Final third failings for Spartans

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A FOOTBALL match is often described as a ‘game of two halves’ but Blyth Spartans FC manager Mick Tait is focused on a different fraction – thirds.

And it is the ‘final third’ which is giving him issues.

Summing up Saturday’s 1-0 defeat at home to Solihull Moors, Tait said: “I was not too disappointed by our performance, we played some good football, but our play in the attacking third of the pitch was poor and our crossing was awful.

“We didn’t really hurt Solihull and actually made life quite easy for them.

“They came for a point and got the three.

“Their manager watched us recently and knew how to play us. He admitted after the game that they couldn’t beat us at football so they came to sit back and deny us space to play in.

“They’d done their homework, thought through their game plan and it paid off.

“If we’d only managed to score in the first 20 minutes that plan would have had to be changed and the game itself would subsequently have changed.”

The Spartans started brightly, spraying the ball around the pitch with ease and confidence but creating anything meaningful from their endeavours was immediately a difficulty.

In spite of their possession, Blyth were stunned with a minute of the first half remaining when Solihull took the lead.

Tait added: “I’d said before the game that they will win headers so we had to be aware and it was going to be vitally important to pick up the second ball.

“We didn’t do that and English finished well. He went to shoot with his right foot then dropped his shoulder as we went to block the shot, swung round the other way and struck it neatly with his left.”

At the break Tait still thought his side were in with a chance of a victory.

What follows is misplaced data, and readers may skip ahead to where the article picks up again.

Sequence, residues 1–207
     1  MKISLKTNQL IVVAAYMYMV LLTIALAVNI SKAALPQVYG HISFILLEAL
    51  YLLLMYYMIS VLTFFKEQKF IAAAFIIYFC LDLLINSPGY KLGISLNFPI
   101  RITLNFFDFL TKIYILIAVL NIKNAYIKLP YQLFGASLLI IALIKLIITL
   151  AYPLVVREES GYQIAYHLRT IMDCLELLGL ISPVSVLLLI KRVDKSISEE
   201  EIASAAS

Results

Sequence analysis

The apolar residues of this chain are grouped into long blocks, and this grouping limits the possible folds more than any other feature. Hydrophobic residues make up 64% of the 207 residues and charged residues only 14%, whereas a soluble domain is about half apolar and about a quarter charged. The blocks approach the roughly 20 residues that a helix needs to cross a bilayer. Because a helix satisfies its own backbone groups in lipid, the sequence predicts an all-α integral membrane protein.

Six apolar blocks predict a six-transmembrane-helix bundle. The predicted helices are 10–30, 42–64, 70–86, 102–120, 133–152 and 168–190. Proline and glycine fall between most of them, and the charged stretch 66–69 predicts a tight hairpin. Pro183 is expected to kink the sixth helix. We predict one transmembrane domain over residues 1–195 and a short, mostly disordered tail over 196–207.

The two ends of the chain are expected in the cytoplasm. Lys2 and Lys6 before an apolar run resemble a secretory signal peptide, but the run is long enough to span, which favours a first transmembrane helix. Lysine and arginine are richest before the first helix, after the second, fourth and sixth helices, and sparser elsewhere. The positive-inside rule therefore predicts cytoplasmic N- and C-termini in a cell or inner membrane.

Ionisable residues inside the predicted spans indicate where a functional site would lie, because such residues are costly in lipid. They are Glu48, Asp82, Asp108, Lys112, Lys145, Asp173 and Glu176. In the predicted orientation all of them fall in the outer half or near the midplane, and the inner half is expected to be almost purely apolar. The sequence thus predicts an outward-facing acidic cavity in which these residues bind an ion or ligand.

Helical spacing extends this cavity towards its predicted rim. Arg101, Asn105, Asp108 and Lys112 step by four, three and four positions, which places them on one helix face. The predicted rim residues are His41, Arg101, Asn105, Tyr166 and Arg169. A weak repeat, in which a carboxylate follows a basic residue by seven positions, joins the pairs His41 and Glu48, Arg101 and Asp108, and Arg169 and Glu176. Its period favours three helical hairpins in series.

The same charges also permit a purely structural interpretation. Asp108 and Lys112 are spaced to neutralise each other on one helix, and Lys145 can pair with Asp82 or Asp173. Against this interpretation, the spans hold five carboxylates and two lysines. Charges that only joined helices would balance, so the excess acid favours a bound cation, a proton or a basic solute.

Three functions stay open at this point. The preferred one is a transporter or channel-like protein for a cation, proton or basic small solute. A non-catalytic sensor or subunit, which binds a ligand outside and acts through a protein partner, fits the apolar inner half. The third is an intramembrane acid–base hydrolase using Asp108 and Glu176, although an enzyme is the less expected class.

“I was still confident,” he said.

“We needed to persevere but when we lost Michael [Tait] early on I didn’t have a direct replacement so I had to reshuffle the formation.”

To Tait’s chagrin the visitors dropped even deeper after the break, frustrating his players’ ability to penetrate the massed Solihull defence.

As the half, which offered little to the home side’s forwards, drew to a close Blyth striker Paul Brayson reacted to a quickly taken Stephen Turnbull free kick but, with the ball never fully under his control, he stretched and shot wide.

Tait admitted that, on other days, he would have scored. Teams visiting Croft Park and shutting up shop is something Tait believes is becoming an increasingly common occurrence.

“I’ve said it to the players – it’s never going to be easy at home in that respect,” he said. When we are away, however, the opposition are more likely to have a go at us and that means we can play through them.

“In terms of the final third we are all aware of the problem. We must get more quality in there. Everyone will think we didn’t play well against Solihull but we know we were good but we must improve crossing and decision making.”

n Match report – page 79